198X is about the transformational escapism of 80’s arcades
We live in a time where an abundance of media is nostalgic for the 1980s. Some of these works are steeped in specific cultural references to the period, like Ready Player One, which used viewers’ positive feelings about the time as a sort of crutch to get them to feel good about the work itself. Others, like the art in Simon Stålenhag’s Tales from the Loop or the film It Follows, play on this nostalgia to twist it into something else.
Marvel Ultimate Alliance 3: The Black Order isn’t the latest superhero blockbuster. It doesn’t have a huge, emotional storyline that impacts various facets of the massive Marvel universe, one that expands on years of worldbuilding. Instead, it offers something much simpler: the chance to create the superhero team of your dreams and enjoy some deliciously mindless action.
It’s been 10 years since the last Marvel Ultimate Alliance (and even longer since its predecessor, X-Men Legends), so a refresher was definitely in order. Essentially, the franchise is a Diablo-style action role-playing game, only instead of fighting demonic hordes you’re battling the minions of Ultron and Doc Ock. The twist is that it’s built for team-play; you form a squad of four heroes and can play either solo or co-operatively. And you’ll continually unlock new heroes, so much of the strategy comes from how you build your team. That makes it a perfect game for the Nintendo Switch, and it’s notably an exclusive to Nintendo’s console while the prior two were released on almost every platform imaginable.
The Black Order doesn’t change the formula. It still plays out from a mostly isometric perspective, and gives you a huge roster of Marvel stars to choose from. It starts out with the Guardians of the Galaxy, but it’s not long before the X-Men, Avengers, and various spider-people join your team. The story is… well, don’t play The Black Order for the story. It’s a mostly nonsense tale involving Thanos (again!) teaming up with villains from around the Marvel universe to collect the Infinity Stones. One of the key plot points involves a teleporting dog. It’s more Saturday morning cartoon than cinematic blockbuster.
What the story does do, though, is provide an excuse to bring all of these characters together. The core gameplay mostly involves wandering through cramped hallways, beating the heck out of mobs of bad guys, before moving on to a trickier boss battle. The combat is slightly more involved than Diablo — the game was developed by Ninja Gaiden studio Team Ninja, after all — but aside from the bosses it’s mostly mindless brawling with loads of screen-filling special attacks. There are also a few environmental puzzles that involve performing minor tasks like flipping switches and pushing crates.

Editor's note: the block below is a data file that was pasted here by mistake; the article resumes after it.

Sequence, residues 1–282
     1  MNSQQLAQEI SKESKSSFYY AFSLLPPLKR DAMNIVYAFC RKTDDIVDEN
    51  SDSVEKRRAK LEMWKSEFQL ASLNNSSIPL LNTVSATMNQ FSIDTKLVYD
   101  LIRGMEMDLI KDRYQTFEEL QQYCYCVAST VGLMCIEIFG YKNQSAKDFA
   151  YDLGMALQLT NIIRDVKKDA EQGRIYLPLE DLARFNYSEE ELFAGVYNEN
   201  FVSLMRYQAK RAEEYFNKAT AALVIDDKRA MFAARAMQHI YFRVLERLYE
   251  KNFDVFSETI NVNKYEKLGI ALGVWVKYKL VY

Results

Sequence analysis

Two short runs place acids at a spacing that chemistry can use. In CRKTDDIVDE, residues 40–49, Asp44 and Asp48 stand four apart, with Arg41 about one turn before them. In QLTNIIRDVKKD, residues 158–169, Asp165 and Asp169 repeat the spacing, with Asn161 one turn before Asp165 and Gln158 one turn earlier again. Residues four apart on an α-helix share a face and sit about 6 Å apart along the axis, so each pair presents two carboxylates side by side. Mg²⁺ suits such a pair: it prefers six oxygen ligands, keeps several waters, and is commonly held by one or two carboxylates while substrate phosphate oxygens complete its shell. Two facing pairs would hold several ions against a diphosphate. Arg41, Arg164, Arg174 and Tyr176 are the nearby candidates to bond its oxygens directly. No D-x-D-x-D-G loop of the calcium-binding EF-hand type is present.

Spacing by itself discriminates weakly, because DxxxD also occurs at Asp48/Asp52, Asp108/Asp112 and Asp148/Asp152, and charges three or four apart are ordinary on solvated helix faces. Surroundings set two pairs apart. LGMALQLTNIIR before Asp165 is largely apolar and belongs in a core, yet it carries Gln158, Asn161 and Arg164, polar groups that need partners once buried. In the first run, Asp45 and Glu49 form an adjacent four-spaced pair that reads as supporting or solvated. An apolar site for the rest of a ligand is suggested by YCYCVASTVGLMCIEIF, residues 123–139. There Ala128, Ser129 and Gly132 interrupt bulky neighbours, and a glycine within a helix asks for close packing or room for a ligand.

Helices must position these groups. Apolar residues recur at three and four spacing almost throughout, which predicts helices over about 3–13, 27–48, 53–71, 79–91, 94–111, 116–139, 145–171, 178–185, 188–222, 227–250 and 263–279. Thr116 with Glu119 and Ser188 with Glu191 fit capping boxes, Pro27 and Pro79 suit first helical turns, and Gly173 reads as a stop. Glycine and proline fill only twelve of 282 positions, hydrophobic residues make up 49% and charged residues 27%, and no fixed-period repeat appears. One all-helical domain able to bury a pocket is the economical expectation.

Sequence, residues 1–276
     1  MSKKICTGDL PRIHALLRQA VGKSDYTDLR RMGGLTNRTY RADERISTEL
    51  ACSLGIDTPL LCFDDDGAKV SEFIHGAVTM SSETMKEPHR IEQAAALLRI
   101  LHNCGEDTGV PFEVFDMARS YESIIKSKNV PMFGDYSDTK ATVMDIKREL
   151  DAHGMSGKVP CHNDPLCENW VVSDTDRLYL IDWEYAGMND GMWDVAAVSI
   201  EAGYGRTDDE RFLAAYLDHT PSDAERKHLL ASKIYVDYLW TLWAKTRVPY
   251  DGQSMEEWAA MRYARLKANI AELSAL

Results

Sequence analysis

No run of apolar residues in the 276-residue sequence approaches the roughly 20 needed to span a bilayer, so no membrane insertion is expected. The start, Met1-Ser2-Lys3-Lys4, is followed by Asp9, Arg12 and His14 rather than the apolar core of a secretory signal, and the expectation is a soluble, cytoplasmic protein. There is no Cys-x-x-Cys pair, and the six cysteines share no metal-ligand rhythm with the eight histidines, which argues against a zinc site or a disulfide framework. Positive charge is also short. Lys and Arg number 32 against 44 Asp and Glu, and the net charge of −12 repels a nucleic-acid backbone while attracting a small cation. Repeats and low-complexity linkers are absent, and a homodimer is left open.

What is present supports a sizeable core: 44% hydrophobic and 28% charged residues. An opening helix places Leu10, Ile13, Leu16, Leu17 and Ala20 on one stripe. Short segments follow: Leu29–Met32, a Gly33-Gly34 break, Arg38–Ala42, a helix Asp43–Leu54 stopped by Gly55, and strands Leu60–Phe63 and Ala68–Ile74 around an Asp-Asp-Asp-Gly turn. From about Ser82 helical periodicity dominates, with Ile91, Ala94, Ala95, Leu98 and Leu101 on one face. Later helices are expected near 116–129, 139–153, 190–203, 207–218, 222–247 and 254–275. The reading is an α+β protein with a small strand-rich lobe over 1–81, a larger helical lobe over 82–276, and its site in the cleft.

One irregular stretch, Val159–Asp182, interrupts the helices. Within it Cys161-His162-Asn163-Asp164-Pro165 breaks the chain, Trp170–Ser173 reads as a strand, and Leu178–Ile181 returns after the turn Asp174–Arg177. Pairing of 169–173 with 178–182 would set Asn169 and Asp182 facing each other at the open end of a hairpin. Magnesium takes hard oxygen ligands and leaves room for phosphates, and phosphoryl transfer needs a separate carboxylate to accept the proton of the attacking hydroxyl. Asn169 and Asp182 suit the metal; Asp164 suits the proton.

Fire Emblem: Three Houses on the Nintendo Switch reinvents the formula for the strategy game series, blending Persona-style relationship building with more traditional RPG action.
The highlight of the game is the heroes, though. There’s a roster of more than 30, and they vary from slower brawlers like the Hulk and Daredevil to flying, ranged fighters like Scarlet and Captain Marvel. Even heroes that seem similar have important differences; Spider-Man and Spider-Gwen can both swing around levels, but the original wallcrawler is more of a ranged fighter, shooting globs of web, while Gwen has more powerful physical attacks. My favorite involves tossing a giant sphere of webs around like a wrecking ball.
It’s a lot of fun not only playing around with the different heroes, but also finding the right combination for your four-person team. (The game is playable by up to four people, but if you play solo you can swap between characters at will.) The Black Order doesn’t have the draw of loot like Diablo; instead, you keep playing to unlock new heroes and tweak them via a surprisingly deep skill tree. Even many hours in I’m still fussing with my squad —right now I’m settled on Spider-Gwen, Miss Marvel, the Wasp, and Daredevil, but that’ll probably change soon. The only real drawback is that characters you don’t use will be underpowered unless you boost them with XP items.
For the most part, the game is an ideal fit for the Switch. Given how straightforward the core gameplay is, it’s a great game to play while killing time doing other things; I spent more than a few hours methodically making my way through a hijacked Avengers Tower while also watching baseball. And since the story is largely unimportant, it’s perfect for dipping in and out of. The main issue when playing in handheld mode, though, is that there is just so much happening on screen that it can be hard to follow when you shrink it all down onto the Switch’s rather small display. You might want to save the bigger battles, in particular the bosses, for your television.
The Black Order isn’t the kind of game that breaks new ground with new and exciting elements. It’s more like comfort food. It’s neither perfect nor original, but it scratches a very particular itch and lets long-time Marvel fans live out a very specific fantasy. It might not make a lot of sense, but you can finally see how Venom will fight alongside Miles Morales. That’s good enough.
Marvel Ultimate Alliance 3: The Black Order launches today on the Nintendo Switch.
Traffix is a puzzle game that gives you the complete control of traffic lights you always wanted
In a city builder like SimCity or Cities: Skylines, traffic inevitably becomes a point of frustration. You end up cursing the terrible AI drivers or whatever traffic light system causes the congestion. There is a moment when you feel like if you had more control of the drivers or maybe the lights, you could make it work. That’s basically Traffix.